Using overclocking techniques, Abhranil Maiti (PhD student at SES) was able to demonstrate the uniqueness of a single microprocessor chip by observing its failure points due to the overclocking. The advantage of the technique, which is non-destructive, is that it is driven using software, and that it makes use of an existing microprocessor. The technique was demonstrated on a LEON-3 processor configured in Xilinx Spartan FPGA, but it is generally applicable to other microprocessors for which clock scaling is available. The novel PUF will be presented at the 2012 International Conference on Field Programmable Logic and Applications.
July 2012. Michael Henry graduated in December 2011 with a Ph.D in Computer Engineering (advisor: Leyla Nazhandali) and started an engineering R&D company. He currently has Phase 1 Small Business Innovation Research (SBIR) funding from the Air Force to design and eventually prototype a low-power military-capable GPS receiver. This project involves collaboration with the VLSI Design/Automation lab at the University of Michigan, Ann Arbor and he is currently based in Ann Arbor. In addition to working towards Phase 2 funding on the Air Force contract, he is also applying for other SBIR contracts relating to advanced wide-spectrum CMOS image sensors and neuromorphic image processing.
May 2012. The following students will graduate in Spring 2012.
- Abhranil Maiti, A Systematic Approach to Design an Efficient Physical Unclonable Function (Ph.D.), Advisor: Patrick Schaumont, Next move: Intel Corporation (Hilsboro, OR)
- Alton Davis, project: Visual projects and plans for freshman programming in computer engineering (MEng), Advisor:Sandeep Shukla
- Eric Xu Guo, Secure and Efficient Implementations of Cryptographic Primitives (Ph.D.), Advisor: Patrick Schaumont, Next move: Qualcomm (San Diego, CA)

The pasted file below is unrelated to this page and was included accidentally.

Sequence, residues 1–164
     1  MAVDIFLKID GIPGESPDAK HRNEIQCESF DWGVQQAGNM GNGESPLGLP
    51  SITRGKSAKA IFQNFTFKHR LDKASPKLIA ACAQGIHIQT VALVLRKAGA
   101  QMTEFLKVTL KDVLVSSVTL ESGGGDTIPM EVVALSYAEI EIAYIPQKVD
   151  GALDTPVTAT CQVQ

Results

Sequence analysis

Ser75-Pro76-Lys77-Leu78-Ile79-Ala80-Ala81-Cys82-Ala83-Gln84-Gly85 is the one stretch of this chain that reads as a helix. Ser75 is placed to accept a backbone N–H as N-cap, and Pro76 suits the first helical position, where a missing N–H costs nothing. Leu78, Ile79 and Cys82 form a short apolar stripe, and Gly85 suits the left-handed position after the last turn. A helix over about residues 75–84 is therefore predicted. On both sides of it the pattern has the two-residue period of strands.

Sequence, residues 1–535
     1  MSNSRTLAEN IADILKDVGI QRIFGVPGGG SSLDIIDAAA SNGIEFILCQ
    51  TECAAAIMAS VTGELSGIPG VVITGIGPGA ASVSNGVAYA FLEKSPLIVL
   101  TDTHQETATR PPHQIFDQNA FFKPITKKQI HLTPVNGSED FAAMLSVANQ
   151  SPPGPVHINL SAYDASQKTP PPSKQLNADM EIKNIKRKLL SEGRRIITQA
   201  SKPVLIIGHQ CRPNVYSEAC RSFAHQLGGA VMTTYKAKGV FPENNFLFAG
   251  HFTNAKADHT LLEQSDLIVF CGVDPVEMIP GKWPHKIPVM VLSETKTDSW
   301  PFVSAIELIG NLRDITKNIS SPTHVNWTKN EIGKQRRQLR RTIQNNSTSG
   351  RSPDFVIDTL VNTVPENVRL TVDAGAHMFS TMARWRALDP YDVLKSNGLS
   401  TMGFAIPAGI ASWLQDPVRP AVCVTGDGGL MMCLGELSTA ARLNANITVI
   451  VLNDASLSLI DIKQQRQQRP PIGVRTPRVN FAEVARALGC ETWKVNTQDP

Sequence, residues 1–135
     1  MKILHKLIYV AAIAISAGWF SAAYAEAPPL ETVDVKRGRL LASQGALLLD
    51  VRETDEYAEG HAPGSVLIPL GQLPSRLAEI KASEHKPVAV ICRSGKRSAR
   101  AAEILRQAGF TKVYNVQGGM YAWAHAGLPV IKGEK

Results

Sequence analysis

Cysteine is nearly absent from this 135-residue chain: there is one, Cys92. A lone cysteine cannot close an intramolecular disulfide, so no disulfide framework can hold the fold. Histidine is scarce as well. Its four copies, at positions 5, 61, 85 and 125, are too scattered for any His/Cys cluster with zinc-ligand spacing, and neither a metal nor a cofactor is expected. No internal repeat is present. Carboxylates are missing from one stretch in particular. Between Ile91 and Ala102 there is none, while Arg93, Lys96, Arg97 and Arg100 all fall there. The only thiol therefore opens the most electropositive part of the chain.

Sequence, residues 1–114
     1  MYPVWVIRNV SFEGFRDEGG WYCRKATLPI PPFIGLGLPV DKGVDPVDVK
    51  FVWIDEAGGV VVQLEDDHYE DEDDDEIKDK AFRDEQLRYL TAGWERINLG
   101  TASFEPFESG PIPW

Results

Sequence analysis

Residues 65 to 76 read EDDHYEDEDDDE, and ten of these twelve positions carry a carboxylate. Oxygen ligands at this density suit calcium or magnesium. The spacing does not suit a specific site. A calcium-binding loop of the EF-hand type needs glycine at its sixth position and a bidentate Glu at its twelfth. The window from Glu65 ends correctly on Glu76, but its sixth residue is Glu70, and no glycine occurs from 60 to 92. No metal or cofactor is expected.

- Daniel Ali, Scalable Parameter Management using Case-based Reasoning for Cognitive Radio Applications (MS), Advisor: Jung-Min "Jerry" Park, Next move: KeyW Corp.
- Jihoon Jeong, Low Power Merged LNA and Mixer Design for Medical Implant Communication Services (MS), Advisor: Dong Ha
- Lalleh Rafeei, Fast Approximation Framework for Timing and Power Analysis of Ultra-Low-Voltage Circuits (MS), Advisor: Leyla Nazhandali
- Nevedetha Narayanan, MEng, Advisor: Michael Hsiao, Next move: Qualcomm
- Preeti Kumar, project: Automated extraction of polychronous models from C Programs (MEng), Advisor: Sandeep Shukla, Next move: Amazon
- Sarvesh Prabhu, An efficient 2-phase strategy to achieve high branch coverage (MS), Advisor: Michael Hsiao, Next move: continue Ph.D. at Virginia Tech
- Supratik Misra, Efficient graph techniques for partial scan pattern debug and bounded model checkers (MS), Advisor: Michael Hsiao,Next move: Intel Corp.
- Suvarna Mane, Implementation of SCA-Resistant CPU and an ECDLP Engine on FPGA Platform (MS), Advisor: Patrick Schaumont, Next move: Qualcomm (Raleigh, NC)
May 2012. The following students will take the internship during Summer 2012.
- Avinash Desai, Intel, Advisor: Michael Hsiao
- Indira Priyadarshini, Intel, Advisor: Michael Hsiao
- Jebreel Salem, Texas Instruments, Advisor: Dong Ha
- John Turner, Linear Technology, Advisor: Dong Ha
- Matthew Anderson, Airforce Research labs (Rome, NY), Advisor: Sandeep Shukla